Bruning's brief also took issue with claims made in the Nichols case that Nebraska had a constitutional obligation to recognize any marriage conducted legally in another state, in this case Iowa. "Extended to its logical result," the brief stated, "the State of Iowa can legislate its laws on marriage and divorce for the State of Nebraska."
There have been an unknown, but likely small number of same-sex divorce cases filed in district courts in Nebraska. None have advanced to the court of appeals until now.
Bonnie and Margie Nichols were married in November 2009 in Council Bluffs, Iowa. It was the same year Iowa’s Supreme Court made same-sex marriage legal. Three years later the couple, as legal residents of Nebraska, filed for divorce.
“They just want to go on with their lives, just like any other person in the state of Nebraska who wants a divorce,” Mikolajczyk said. “The only difference is it’s two women.” Her client declined a request for an interview but allowed the attorney to speak on her behalf. Court records indicate Bonnie Nichols’ partner, Margie, opposed the divorce and is not part of the appeal.
Supporters of a state’s right to make laws limiting the right to marry have historically expressed skepticism about the legal arguments raised in the Nichols case. “Each state does have its own sovereignty,” said Patrick Borchers, law professor at Creighton University in Omaha. “It gets to make its own decisions on matters of social policy.”
The legal principle raised in the Nichols’ appeal comes from the section of the U.S. Constitution addressing “full faith and credit.” That clause states court judgments and legal documents produced by one state must be recognized by another, including the license to marry. Borchers believes the argument is weak because, he said, “states differ on these kind of things” routinely. “They differ on income tax rates, they differ on Medicaid benefits and they differ on marriage laws,” he said. The distinction, in his view, gives states the leeway to define who gets a license and which licenses to accept from other states.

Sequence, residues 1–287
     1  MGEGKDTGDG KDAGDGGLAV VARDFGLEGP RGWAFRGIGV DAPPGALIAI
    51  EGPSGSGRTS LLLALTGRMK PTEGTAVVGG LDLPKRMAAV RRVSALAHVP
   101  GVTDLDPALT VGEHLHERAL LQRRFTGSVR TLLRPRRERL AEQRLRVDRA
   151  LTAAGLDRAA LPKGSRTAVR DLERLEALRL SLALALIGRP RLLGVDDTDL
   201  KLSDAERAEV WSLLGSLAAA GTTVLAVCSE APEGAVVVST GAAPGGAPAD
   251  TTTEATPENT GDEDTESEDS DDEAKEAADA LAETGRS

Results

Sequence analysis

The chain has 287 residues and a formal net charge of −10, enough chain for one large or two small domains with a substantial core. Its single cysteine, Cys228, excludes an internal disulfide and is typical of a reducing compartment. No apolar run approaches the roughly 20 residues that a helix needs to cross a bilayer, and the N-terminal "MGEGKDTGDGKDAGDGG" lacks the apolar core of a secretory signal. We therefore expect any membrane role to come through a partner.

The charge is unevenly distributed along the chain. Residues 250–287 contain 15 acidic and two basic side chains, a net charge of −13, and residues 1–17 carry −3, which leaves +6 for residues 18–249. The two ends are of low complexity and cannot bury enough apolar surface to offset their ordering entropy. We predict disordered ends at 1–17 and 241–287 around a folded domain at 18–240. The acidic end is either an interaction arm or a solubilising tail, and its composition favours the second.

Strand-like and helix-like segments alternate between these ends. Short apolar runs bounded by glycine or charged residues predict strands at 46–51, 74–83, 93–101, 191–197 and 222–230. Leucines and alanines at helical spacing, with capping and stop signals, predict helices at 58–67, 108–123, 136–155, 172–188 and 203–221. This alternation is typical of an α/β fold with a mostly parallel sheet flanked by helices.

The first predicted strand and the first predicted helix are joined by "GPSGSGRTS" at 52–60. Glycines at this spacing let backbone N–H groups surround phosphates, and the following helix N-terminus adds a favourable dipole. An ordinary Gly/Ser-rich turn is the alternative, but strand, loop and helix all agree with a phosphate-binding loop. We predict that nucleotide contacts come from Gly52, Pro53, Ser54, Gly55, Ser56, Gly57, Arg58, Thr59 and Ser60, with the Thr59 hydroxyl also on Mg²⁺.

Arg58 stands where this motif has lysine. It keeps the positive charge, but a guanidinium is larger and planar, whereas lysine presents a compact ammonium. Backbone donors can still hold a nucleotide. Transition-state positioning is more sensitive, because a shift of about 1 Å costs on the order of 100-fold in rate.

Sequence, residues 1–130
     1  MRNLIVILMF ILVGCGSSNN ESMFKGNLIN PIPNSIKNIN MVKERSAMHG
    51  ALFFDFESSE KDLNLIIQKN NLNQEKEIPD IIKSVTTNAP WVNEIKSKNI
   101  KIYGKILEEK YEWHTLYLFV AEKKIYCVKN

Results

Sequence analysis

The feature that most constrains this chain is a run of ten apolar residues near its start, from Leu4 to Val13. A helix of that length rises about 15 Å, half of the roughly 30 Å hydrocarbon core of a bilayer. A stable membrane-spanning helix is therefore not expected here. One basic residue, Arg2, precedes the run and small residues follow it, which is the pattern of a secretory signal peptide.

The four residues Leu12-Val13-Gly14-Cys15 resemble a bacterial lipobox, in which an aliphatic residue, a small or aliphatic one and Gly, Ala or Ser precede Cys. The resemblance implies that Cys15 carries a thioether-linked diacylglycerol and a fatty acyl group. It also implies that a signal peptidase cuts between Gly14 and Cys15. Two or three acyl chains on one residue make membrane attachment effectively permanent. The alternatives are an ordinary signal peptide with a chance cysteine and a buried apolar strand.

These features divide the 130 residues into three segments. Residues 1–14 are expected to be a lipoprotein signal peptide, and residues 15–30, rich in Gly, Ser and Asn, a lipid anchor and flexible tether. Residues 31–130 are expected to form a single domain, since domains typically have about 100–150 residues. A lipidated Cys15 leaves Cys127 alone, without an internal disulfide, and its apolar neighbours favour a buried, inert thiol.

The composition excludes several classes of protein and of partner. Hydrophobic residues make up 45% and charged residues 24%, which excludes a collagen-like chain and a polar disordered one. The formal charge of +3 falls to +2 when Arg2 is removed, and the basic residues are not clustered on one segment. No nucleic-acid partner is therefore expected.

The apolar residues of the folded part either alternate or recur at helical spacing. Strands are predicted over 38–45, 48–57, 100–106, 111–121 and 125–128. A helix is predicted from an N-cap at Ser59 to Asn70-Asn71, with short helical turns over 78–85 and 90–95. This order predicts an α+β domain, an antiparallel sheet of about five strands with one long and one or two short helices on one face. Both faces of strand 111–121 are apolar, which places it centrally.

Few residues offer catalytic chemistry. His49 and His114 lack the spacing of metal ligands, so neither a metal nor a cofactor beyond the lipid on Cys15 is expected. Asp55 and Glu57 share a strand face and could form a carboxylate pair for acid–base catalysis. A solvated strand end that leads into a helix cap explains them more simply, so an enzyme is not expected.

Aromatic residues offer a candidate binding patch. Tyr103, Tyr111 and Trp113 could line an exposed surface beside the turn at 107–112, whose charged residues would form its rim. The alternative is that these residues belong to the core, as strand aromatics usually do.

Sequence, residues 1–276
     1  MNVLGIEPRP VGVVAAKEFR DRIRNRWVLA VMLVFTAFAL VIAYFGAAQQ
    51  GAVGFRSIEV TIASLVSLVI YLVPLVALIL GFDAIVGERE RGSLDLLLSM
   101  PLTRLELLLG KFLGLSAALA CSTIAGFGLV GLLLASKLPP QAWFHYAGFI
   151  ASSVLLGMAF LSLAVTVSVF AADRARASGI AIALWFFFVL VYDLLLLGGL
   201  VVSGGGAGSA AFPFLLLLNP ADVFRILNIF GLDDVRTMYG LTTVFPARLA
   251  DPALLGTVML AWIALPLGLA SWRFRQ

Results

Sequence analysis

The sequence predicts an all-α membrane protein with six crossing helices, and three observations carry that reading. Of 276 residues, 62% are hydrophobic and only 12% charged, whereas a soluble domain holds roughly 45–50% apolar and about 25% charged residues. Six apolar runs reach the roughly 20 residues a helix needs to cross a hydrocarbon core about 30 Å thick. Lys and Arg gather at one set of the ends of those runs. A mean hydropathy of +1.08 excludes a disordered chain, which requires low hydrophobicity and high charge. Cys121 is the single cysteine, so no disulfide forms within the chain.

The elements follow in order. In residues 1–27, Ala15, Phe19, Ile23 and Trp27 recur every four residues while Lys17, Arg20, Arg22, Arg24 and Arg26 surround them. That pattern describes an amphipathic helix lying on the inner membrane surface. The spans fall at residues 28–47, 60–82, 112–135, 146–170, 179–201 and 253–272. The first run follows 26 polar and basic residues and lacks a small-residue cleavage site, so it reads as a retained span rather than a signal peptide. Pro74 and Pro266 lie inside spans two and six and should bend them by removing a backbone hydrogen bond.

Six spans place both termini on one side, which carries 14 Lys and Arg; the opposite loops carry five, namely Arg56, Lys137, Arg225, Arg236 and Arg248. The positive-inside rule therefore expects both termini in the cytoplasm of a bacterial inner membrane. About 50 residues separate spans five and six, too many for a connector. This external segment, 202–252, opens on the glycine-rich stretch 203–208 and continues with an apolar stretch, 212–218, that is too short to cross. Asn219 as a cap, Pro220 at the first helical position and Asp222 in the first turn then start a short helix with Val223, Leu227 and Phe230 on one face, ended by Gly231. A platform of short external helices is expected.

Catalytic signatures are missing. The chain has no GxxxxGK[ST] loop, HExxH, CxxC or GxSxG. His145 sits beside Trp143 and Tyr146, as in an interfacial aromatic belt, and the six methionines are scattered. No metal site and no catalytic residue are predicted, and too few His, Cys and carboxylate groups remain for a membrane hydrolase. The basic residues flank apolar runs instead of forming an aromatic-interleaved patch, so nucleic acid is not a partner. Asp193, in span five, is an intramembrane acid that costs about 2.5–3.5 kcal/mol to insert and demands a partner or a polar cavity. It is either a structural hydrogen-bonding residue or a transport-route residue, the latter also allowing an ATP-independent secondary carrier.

Same-sex couples legally married in other states but currently living in Nebraska find their lives in a legal limbo. This is a dilemma for judges who, according to Borchers, must say “we don’t consider you married in the first place so there is nothing for us to do.” A request for a divorce in a state without recognition of a legal marriage is comparable with handing someone a length of rope without a knot in it. “If I said ‘untie it’ you would say ‘I don’t see the knot in the rope.’ Nebraska is in the position of (saying) we don’t see the knot in the rope, so there is nothing to untie.”
Whether the state agrees to grant a same-sex divorce or not, the issues for couples unable to end their marriages in their state of residence are real and complex. As in any marriage there can be issues of jointly held property, alimony and custody, and/or visitation rights for children.
There is also the looming question of what happens when one part of a same-sex couple wishes to remarry. Pointing out that a bi-sexual may want to marry someone of the same sex, Mikolajczyk pointed out someone who wants to remarry someone of the opposite sex would be blocked from doing so. “Which marriage is recognized?” she asked. “Are you committing bigamy? There are so many problems this issue creates.”
“My client has a new partner and they are happy. I don’t know if they want to get married or not, but that option is not available to them right now. I think, and a lot of other people think, that is unconstitutional.”
The Nebraska Supreme Court has not yet added the case to its schedule nor responded to the request that it take on the case directly rather than having judges from the Court of Appeals first pass judgment on its merits.